The other nations in the confederacy of Gog have also been similarly analyzed within Mideast Beast, and overwhelmingly point to the Islamic nations.
Of course, this list is not exhaustive. Many scholars see Ezekiel’s list as detailing only one major nation from each corner of the compass as indicating that Ezekiel’s list is a non-comprehensive summary…. Is it possible that Russia will participate in the last-days invasion? Yes, but nowhere is this ever expressly prophesied in Scripture. To discuss this possibility would be nothing more than speculation. As we have said from the beginning of this book, as students of the Scriptures, our end-time perspective should emphasize that which the Scriptures emphasize, and where they are silent, we should remain silent or use extreme caution. Because this prophecy so clearly emphasizes Turkey as the head of the coming Antichrist’s invasion of Israel, it would seem quite reasonable for Bible students to watch Turkey very carefully. Of course, in light of the great debate and wide range of opinion that has surrounded this passage for thousands of years, in our watchfulness, we must also remain humble and cautious. As always, it is God who knows best. 7
Could it be that due to a misunderstanding of Ezekiel 38, some Christians are praying against one of the only oppositional forces attempting to defeat ISIS? God forbid. Surely, I believe that Russia will fight against the West, and other NATO countries – but justifiably so.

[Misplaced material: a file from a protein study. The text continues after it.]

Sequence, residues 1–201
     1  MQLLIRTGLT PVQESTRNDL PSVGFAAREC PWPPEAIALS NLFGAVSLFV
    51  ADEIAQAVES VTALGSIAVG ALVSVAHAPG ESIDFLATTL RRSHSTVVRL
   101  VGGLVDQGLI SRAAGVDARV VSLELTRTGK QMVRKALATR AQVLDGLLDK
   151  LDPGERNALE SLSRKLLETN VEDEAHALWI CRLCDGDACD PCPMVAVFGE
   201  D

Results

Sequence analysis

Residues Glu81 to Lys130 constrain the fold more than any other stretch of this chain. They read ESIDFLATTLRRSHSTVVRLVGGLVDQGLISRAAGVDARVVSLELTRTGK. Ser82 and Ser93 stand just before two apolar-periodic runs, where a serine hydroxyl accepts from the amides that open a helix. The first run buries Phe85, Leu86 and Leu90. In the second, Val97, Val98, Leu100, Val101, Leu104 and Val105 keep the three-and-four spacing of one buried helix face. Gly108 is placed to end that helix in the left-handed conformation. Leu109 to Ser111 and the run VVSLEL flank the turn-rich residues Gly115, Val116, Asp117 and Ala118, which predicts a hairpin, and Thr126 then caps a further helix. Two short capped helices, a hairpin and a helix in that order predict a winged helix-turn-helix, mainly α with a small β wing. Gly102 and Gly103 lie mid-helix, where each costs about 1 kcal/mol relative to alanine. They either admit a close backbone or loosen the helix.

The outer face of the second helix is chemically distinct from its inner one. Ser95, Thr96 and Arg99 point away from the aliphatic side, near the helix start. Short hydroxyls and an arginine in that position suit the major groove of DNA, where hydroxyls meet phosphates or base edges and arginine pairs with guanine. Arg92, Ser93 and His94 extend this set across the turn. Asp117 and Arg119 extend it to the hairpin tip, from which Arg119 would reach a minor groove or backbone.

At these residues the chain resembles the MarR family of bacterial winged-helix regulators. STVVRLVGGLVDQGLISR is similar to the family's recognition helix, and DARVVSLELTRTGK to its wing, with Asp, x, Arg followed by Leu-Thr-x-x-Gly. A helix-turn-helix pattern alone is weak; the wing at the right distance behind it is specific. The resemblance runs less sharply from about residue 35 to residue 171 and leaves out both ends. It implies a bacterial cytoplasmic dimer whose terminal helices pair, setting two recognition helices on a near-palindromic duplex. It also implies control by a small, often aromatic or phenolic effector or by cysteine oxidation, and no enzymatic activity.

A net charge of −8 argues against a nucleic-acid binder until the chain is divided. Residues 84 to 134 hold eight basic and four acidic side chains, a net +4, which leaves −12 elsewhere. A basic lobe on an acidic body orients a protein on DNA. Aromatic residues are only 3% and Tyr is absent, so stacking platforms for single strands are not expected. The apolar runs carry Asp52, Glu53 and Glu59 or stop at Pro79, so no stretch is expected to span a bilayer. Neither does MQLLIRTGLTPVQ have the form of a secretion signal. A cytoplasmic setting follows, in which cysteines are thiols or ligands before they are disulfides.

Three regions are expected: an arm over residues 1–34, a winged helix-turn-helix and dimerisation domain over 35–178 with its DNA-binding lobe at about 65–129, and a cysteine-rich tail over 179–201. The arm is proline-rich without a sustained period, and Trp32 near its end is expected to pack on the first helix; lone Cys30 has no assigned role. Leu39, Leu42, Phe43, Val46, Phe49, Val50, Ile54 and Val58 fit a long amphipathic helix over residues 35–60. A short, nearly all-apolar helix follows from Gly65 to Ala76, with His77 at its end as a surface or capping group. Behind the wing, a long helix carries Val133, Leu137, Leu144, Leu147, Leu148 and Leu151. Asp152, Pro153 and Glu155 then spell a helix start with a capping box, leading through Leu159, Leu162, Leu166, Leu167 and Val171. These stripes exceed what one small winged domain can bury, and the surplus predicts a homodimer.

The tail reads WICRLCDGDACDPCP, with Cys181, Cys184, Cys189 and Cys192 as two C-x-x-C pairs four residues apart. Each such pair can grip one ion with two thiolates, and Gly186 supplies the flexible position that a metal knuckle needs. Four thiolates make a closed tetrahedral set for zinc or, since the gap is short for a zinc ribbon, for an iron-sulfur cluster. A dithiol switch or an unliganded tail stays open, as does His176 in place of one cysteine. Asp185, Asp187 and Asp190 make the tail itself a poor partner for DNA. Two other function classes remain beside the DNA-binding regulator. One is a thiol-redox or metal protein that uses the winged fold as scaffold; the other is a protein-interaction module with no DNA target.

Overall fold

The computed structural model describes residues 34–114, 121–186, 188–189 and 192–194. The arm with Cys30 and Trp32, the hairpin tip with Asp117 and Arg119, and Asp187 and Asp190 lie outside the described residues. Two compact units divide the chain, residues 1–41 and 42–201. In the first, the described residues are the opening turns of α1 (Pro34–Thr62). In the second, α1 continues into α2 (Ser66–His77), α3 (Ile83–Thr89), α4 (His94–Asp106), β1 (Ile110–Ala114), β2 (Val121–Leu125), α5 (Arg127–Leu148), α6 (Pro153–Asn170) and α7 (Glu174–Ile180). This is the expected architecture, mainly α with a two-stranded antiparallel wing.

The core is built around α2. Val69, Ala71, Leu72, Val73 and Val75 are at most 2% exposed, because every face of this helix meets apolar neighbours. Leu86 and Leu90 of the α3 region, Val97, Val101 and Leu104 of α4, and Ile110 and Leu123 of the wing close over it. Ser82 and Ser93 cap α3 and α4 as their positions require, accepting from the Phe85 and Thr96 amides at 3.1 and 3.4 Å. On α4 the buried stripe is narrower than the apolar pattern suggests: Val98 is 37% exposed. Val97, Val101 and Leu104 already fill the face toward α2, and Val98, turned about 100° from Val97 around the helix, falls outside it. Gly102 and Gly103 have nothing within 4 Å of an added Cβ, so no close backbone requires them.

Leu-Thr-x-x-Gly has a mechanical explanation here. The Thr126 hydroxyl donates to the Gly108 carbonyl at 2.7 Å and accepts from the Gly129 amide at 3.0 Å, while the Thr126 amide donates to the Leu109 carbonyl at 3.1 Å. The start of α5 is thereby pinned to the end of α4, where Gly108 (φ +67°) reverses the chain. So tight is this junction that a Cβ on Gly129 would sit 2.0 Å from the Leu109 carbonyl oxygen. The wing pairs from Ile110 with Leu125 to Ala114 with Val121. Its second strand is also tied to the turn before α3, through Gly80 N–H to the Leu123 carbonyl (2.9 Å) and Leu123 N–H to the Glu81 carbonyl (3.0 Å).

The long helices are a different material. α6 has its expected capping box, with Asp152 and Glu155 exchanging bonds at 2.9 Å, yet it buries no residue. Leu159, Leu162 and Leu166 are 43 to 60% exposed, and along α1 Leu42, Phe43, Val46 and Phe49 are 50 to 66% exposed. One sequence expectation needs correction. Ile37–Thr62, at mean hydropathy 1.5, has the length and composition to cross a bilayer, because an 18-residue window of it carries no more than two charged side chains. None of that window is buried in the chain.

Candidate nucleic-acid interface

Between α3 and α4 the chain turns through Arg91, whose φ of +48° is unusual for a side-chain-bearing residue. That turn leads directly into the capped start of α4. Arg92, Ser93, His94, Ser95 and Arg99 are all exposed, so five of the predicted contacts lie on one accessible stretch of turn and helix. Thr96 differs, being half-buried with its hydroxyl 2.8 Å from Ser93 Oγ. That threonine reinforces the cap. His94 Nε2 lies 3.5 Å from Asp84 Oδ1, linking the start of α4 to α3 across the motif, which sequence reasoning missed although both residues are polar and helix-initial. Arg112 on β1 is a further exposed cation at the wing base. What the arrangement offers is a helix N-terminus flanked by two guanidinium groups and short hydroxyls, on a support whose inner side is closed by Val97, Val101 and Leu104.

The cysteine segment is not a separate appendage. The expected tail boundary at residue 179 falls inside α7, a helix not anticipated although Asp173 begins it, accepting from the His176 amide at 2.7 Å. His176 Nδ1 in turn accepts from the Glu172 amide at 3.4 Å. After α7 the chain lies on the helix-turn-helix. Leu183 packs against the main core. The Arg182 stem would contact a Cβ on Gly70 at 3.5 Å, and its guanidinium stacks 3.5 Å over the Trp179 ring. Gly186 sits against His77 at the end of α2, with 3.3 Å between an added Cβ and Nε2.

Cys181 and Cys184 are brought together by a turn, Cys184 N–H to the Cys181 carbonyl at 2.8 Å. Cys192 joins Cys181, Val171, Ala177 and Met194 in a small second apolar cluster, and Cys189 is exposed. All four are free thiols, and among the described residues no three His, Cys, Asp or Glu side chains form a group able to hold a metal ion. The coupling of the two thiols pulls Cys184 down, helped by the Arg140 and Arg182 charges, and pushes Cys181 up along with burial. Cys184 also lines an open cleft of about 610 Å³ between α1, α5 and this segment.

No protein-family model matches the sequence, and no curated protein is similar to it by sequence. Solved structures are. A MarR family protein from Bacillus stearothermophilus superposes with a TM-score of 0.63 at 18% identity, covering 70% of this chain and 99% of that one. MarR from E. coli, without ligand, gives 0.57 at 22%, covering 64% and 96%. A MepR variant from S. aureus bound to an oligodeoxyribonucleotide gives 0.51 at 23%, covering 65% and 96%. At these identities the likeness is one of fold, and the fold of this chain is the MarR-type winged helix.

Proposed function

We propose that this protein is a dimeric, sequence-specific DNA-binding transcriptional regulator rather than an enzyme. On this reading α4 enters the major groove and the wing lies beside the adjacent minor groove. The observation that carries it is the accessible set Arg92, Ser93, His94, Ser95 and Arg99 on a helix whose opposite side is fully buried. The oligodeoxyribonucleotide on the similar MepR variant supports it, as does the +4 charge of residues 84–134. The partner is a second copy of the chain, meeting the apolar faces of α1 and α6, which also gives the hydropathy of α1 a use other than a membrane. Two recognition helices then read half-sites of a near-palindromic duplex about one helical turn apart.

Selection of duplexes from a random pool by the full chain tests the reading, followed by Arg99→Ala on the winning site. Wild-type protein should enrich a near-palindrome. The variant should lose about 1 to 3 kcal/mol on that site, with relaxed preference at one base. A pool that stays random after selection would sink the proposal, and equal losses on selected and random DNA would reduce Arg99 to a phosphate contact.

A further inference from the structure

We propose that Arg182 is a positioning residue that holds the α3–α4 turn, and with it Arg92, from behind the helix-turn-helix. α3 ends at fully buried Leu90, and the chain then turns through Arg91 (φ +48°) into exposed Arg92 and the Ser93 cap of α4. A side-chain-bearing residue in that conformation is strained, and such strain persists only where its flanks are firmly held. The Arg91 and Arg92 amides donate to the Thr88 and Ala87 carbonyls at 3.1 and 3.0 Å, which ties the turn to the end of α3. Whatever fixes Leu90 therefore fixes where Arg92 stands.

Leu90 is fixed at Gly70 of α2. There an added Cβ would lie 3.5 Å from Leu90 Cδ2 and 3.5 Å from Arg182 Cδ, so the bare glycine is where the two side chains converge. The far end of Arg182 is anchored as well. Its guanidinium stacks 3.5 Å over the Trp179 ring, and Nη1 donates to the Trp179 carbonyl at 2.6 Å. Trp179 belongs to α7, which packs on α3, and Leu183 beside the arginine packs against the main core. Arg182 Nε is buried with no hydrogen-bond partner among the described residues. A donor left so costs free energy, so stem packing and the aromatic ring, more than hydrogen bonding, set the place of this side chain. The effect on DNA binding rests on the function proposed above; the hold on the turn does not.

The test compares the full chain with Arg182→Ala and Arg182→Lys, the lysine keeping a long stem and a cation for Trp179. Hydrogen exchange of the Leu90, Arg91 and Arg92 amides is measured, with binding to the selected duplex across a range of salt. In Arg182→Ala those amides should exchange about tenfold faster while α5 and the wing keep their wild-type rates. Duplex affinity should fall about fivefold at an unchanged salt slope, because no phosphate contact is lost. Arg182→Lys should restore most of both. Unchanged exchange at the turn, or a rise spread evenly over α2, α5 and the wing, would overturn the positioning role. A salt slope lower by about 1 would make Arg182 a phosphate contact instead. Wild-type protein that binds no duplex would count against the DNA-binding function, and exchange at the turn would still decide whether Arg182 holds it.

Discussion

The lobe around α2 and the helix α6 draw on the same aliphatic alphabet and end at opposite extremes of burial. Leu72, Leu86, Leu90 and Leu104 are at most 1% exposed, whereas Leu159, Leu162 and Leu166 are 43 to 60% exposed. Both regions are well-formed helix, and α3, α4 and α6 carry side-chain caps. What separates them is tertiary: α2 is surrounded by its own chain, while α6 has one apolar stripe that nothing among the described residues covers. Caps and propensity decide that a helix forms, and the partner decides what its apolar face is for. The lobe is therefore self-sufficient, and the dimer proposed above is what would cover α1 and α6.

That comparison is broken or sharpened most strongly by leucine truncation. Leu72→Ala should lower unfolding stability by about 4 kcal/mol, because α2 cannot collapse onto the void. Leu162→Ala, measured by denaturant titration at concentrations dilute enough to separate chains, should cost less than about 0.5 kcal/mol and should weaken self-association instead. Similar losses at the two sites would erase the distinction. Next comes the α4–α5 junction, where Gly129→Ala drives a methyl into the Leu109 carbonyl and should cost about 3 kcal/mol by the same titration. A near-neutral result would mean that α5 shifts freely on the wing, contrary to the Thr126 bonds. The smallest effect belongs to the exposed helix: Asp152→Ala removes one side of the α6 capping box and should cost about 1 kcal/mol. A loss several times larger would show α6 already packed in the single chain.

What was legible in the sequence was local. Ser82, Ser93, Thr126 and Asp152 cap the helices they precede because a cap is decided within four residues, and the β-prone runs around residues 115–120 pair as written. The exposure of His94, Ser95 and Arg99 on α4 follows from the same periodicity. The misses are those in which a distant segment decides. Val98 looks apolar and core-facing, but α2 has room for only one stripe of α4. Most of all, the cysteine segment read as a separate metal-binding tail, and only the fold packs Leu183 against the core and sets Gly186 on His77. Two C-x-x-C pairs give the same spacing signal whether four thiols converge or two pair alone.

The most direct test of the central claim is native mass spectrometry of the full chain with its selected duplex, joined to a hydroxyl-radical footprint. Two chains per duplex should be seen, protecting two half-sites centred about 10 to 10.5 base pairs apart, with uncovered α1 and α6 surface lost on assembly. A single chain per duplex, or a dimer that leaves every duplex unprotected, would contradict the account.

These are difficult times, but as Christians we need to pray to be on “the right side” of the battle. Let us add our prayers to the chorus of those co-laboring with the Lord declaring, “Thy kingdom come. Thy will be done…“(Matthew 6:10a) Let our conviction follow that of former US President Abraham Lincoln:
During the war, Lincoln overheard someone remark that he hoped “the Lord was on the Union’s side.” Lincoln responded with this sharp rebuke:
I am not at all concerned about that, for I know that the Lord is always on the side of the right. But it is my constant anxiety and prayer that I and this nation should be on the Lord’s side.
Lastly, Richardson reveals that the epic battle of Gog, is none other than the notorious Battle of Armageddon in Revelation 19. He contends that Gog is the Jewish word for “Antichrist”. Perhaps this will be the subject of another blog. Until then, happy reading!
¹ Richardson, Joel (2012-06-08). Mideast Beast: The Scriptural Case for an Islamic Antichrist (p. 203). Kindle Edition.
² Ibid., 203
³ Ibid., 203-07
4 Ibid., 205-06
5 Ibid., 214
6 Ibid., 215-16
7 Ibid., 220